Not only that, but the American celebrities increase the fascination with the film culture and get movie goers excited about going to see films. Business and creative capabilities pay be limited by this co-production relationship, in that the policies and tax incentives in place encourage the American film industry to take advantage of these opportunities but have sometimes nearing quadruple the budget as a Canadian film. This quintessential competitiveness is said to be undermined by the tax incentives and interferes with international trade agreements.
If this is so, this also undermines the co-production relationship Canadians have with the American industry. It seems to be a give and take relationship, where they provide us with jobs and knowhow, where we offer up business capabilities. As for the creative capabilities of Canadians in film, this is something that cannot be undermined. It is possible to get sucked into the hype of Hollywood and become all too focused on making that next blockbuster, but many of Canadian filmmakers know that their product represent a Canadian perspective and are proud of that.
So this dichotomy of benefit versus burden, does have a large opportunity to become balanced, if we can accept the balance of exchange of know-how and business value. Behaviour: The markets strategies of government, firms, cooperative and independent, interest groups determines the significance of the non market actions to the firms involved in the Canadian film industry. The non-market strategies: of government, firms, cooperative and independent, interest groups shapes the business opportunities and co-productions possibilities in the marketplace. (Baron, 2010)
First we will begin with the market strategies that are applied by the different parties involved in the film industry. The labour force (crews) in the production industry had a hard time getting respect on a policy level. The collective bargaining was nearly non-existent. Now that policies have been set in place to protect workers on set and in production there is more of a focus on policies on the level of the firms themselves. What rights do the firms posses? How can they counter any milestones that may occur? How do we help them become more competitive with the American markets? The answers are funding for distribution.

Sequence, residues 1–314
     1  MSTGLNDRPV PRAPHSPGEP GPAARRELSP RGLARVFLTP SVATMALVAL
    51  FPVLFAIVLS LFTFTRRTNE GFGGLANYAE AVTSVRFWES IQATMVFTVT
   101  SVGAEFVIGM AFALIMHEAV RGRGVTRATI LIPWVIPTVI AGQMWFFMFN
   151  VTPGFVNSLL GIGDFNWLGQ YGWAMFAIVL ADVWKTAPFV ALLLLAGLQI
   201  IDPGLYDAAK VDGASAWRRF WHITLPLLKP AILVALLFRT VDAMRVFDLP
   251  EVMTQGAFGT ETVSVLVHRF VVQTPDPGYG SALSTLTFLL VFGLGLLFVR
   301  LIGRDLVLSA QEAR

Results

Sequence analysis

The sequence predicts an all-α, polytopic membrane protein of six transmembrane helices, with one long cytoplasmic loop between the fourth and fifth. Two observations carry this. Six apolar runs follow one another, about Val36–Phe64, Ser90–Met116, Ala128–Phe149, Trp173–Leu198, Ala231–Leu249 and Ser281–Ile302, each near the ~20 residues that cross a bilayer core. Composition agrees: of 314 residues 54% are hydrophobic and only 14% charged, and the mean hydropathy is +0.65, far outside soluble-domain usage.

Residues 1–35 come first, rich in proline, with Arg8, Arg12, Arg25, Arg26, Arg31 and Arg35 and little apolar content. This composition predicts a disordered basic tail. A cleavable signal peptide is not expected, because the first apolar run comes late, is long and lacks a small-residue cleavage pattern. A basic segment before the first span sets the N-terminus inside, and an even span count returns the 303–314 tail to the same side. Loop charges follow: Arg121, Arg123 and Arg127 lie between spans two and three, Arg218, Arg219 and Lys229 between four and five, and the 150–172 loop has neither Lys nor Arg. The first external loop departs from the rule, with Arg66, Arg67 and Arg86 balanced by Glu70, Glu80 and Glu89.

The two companies who are currently focusing on distribution, are underfunded and it seems they lack the knowledge base to promote a film from start to finish. With all the media avenues today, marketing a film needs to touch on television, internet and print promotions, but without reliable financial commitment from the Canadian government we can hardly support our Canadian productions. For non-market strategies, we can see clear evidence that the top four firms do in fact work together, largely based on the fact that they are all government funded and owned, subsidiaries of the crown.
Some arguments are made that service production is said to risk inhibiting development by deflecting of eclipsing indigenous production or by absorbing resources that might otherwise devoted to it. (Davis, 2009) Many of the firms have the same goal because they share similar beginnings. Independent production firms lack a team ethic with the bigger crown firms. An underlying policy assumption of promoting and independent production is that an increasingly capable domestic production should get some degree of economic viability through the conquest of international markets. Observations:
The reason there is a lack of perspective in the industry is because all the firms have a different focus but with many of the same goals and funding. We can see that in the past 50 years the industry has overcome many market issues, but does need to ban together and demand some support for distribution. If no one will see the films that reflect our culture and perspective, what is the point? This is the main problem with the film industry today, as well as the disconnect with independently run firms. Filmmakers need a voice and should be more involved in non-market strategies.